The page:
In 1829, Dr. Thomas Manning of Ipswich was granted permission to construct a 6′ tall dam and a wooden saw mill on the Ipswich River along Topsfield Rd, “Provided however, the said Thomas Manning his heirs and assigns shall make and keep open through said dam a passageway for the fish to pass up said river or stream.” The dam was constructed and a sawmill was erected but it soon burned. The mill was replaced with another which was used additionally for the sawing of veneers and turnings. About 1834 a stone factory on the Hamilton side of the river was erected, along with a stone boarding house on the slope above. Looms were installed and the weaving of woolen goods began.
James Gage, the authoritative researcher of stone structures added the following:
“On the Ipswich side of the river, there was a country store surrounded by private houses. Workers were also provided housing in the large stone house and their children were transported daily to the public schools in Ipswich and Hamilton. A bell announced the daily startup early in the morning, and employees worked 12 to 14 hour shifts 5 days a week, with a half day on Saturdays.
“There were two separate mill buildings on the property: the veneer sawmill built circa 1829 or 1830 and the 1834 woolen mill. The sawmill disappeared from the records after the 1840s. Although the timeline in the video indicates that the United States Fireworks Company owned the mill complex from 1892 to 1895, there are no records in the Essex County Registry of Deeds that this company ever owned any property in Essex County.
“The stone boarding house is not shown on the 1906 survey of the property, and a 1903 presentation to the Ipswich Historical Society by Thomas Frank Waters reports that boarding house was already gone. The exact date the stone boarding house was torn down is not known but we believe it occurred prior to 1896. Francis Dane had to build a new boarding house circa 1896 when he rebuilt the factory that year to be used in leather manufacturing for the shoe industry.”
When Dr. Manning, died on February 3, 1854, he bequeathed the greater part of his estate to the Town of Ipswich for the purpose of establishing the Manning High School. Still known as “Manning’s Mill,” the factory continued to operate, employing seventy people, producing 55,000 pairs of army socks and woolen goods for Union troops during the Civil War, valuing $135,000.00.
After the war, hosiery production gave way to the manufacture of blankets by the Willowdale Manufacturing Co., and more buildings were erected for the operation: five houses for supervisors, a barn and an office. The mill was closed during summer months because of low water flow. The mill began producing cotton textiles, but closed in 1870.
The mill burned in 1881 and again on Jan. 12, 1884. Most of the stone walls for the mill building collapsed, and it never reopened. The stone boarding house was taken down, and many of the houses at Manning Mills were moved in 1905 to Mill St. in Hamilton.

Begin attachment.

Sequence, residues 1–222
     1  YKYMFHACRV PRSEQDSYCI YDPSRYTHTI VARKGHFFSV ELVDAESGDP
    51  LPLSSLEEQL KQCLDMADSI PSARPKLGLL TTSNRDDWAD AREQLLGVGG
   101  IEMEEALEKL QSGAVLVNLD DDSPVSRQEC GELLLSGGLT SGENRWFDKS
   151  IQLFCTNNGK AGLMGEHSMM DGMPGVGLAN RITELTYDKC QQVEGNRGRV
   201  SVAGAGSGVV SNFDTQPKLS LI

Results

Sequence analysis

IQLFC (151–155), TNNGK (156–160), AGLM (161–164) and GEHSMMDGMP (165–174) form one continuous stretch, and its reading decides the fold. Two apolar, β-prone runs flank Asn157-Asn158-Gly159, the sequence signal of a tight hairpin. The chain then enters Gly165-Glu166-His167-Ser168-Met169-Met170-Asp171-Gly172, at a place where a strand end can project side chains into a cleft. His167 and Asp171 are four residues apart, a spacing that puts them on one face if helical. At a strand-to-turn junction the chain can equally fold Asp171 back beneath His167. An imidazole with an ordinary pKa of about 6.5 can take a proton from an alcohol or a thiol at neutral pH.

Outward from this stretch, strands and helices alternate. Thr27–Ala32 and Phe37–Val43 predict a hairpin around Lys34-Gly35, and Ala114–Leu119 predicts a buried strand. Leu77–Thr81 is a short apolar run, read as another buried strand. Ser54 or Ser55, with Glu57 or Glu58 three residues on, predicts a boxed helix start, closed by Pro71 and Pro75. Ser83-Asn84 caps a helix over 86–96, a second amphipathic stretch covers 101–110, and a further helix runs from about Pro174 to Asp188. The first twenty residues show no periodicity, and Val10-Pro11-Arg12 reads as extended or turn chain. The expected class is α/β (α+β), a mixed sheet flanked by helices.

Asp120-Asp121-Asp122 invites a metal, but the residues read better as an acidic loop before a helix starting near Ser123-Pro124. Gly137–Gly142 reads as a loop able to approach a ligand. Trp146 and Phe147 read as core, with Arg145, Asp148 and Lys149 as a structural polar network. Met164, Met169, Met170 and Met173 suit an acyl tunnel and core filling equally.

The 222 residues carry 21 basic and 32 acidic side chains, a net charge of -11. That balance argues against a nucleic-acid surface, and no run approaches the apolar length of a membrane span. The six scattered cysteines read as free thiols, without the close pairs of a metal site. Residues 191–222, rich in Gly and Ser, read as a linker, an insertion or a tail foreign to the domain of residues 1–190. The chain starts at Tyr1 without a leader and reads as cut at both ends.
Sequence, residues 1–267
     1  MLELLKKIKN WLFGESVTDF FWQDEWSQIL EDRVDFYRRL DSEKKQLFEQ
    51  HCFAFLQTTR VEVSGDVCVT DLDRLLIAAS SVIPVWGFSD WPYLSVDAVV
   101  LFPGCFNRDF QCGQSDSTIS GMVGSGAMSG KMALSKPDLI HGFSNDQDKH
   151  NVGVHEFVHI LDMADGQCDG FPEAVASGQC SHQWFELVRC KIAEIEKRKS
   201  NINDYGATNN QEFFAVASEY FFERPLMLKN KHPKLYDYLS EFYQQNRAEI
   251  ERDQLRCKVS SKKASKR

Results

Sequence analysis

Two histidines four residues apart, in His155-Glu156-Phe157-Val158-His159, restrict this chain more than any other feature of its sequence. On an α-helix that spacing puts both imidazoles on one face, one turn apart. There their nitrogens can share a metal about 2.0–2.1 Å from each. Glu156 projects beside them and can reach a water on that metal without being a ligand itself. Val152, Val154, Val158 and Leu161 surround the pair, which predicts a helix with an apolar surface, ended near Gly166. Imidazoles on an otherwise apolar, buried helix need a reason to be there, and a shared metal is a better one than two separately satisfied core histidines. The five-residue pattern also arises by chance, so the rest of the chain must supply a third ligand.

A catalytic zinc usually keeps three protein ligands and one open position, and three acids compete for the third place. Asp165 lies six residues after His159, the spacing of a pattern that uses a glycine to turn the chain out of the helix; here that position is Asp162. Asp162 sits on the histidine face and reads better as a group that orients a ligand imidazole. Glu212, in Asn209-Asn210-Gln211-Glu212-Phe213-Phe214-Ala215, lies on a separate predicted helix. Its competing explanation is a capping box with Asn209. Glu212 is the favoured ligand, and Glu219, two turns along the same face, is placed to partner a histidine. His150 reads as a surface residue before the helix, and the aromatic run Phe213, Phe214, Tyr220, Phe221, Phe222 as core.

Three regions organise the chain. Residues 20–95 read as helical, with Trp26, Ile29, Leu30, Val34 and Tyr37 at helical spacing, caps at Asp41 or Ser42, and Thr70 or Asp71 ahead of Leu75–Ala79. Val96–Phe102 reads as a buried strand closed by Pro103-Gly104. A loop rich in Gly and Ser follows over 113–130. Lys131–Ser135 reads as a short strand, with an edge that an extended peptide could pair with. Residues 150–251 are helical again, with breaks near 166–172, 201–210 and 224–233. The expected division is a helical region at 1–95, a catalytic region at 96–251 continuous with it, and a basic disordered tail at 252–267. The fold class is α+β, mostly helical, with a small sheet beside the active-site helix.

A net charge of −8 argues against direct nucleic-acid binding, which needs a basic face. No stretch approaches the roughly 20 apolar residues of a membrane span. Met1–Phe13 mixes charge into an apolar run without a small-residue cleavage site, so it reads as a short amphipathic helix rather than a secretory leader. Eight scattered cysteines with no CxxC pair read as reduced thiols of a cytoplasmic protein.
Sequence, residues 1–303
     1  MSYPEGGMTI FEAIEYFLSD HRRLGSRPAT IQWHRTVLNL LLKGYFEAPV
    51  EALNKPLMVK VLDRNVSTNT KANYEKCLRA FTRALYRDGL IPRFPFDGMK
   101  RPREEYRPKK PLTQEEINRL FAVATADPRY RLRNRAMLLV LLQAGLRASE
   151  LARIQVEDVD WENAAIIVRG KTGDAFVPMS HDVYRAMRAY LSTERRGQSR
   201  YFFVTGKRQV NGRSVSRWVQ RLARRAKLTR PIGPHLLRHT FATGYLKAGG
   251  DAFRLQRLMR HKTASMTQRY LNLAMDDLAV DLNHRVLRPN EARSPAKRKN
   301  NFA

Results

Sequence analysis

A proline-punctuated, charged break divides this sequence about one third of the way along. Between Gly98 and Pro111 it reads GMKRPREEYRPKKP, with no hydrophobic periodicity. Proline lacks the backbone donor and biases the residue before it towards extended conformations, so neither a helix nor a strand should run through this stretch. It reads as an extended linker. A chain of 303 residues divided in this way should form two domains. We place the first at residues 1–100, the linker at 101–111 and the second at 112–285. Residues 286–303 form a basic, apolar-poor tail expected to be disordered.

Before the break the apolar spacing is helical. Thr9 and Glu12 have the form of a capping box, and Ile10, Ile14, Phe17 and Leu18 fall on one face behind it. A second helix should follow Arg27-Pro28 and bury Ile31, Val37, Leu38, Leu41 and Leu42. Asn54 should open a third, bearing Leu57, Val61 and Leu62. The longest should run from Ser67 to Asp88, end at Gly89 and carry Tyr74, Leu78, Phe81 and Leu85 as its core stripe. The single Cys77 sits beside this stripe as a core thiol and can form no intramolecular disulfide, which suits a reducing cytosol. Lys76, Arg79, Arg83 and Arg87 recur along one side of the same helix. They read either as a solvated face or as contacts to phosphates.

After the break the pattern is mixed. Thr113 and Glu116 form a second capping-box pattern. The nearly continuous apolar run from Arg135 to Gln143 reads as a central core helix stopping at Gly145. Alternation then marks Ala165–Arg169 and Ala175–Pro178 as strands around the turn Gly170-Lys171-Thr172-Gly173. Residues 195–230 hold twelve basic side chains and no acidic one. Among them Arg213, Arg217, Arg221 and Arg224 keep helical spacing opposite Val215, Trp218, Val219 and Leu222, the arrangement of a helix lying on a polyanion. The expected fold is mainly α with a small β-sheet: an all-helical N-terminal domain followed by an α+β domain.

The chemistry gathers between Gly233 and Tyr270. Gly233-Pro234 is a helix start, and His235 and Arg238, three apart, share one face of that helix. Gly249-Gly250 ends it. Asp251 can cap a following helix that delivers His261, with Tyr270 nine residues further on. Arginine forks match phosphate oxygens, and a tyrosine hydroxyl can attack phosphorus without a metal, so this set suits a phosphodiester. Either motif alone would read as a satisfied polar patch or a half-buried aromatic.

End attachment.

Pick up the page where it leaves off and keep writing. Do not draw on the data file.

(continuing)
All that remains of the once flourishing mill and small community around it are the dam, the foundation of the mill, and a sluiceway that runs parallel with the river, which directed the water flow under the mill. In the early 1940’s a fish ladder was constructed on the Hamilton side of the river to allow for fish passage up the Ipswich River. This fish ladder was sturdy and still survives but was found to be a poorly functioning fish ladder.
Foote Brothers Canoe Rentals was established at the dam in 1955 and is still in operation today with second and third generation family members operating the business. Foote Brothers has been working with the Commonwealth of Massachusetts Division of Marine Fisheries for the construction of a new fish passage ladder at the Willowdale Dam.
Around 1891, Bradley Palmer, a prominent U.S. attorney and businessman began to acquire over 10,000 acres near the Ipswich-Topsfield line, including the former properties of the Willowdale Mill. In 1898 Palmer purchased the hereditary farm holdings of the Lamson family, some 747 acres and built a stone mansion near the Lamson house, leaving it standing. He named the estate Willowdale. In the years 1937 to 1944, Palmer donated all of the property to the Commonwealth of Massachusetts, leasing back the 107 acres surrounding his mansion. The state established Bradley Palmer State Park and Willowdale State Forest on the properties.
Willowdale Mill Reservation, Parking on Winthrop St. near the Willowdale bridge with a trail taking you from the mill ruins along the old sluiceway to the dam.
Willowdale State Forest, 40 miles of trails. The East side on Topsfield and Linebrook Rd. connects to Hood Pond, Willowdale West.
Sources and further reading:
- Gage, James : “History and Surface Archaeology of the Willowdale Mills Complex on the Ipswich River, Winthrop Street, Hamilton, Massachusetts 1830-1915” (127 pages, 40mb, PDF)
- Waters, Thomas Franklin: Ipswich in the Massachusetts Bay Colony Vol. 2
- Waters, Thomas Franklin: Publications of the Ipswich Historical Commission XIII Ipswich Mills and Factories
- Hurd, Duane Hamilton: History of Essex County, Massachusetts: With Biographical Sketches
- Hamilton-Wenham library: Manning’s Wool Mill
- Images: Digital Commonwealth, Hamilton Historical Society Collection
- Images: Digital Commonwealth, Myopia hunt at Bradley Palmer estate
- Historic Ipswich: William Lampson -Bradley Palmer estate
- Ipswich Mills and Factories
- Industrial History of the Ipswich River
- Laws of the Commonwealth of Massachusetts CHAP CXXXV An Act to authorize Thomas Manning to erect a Dam across Ipswich River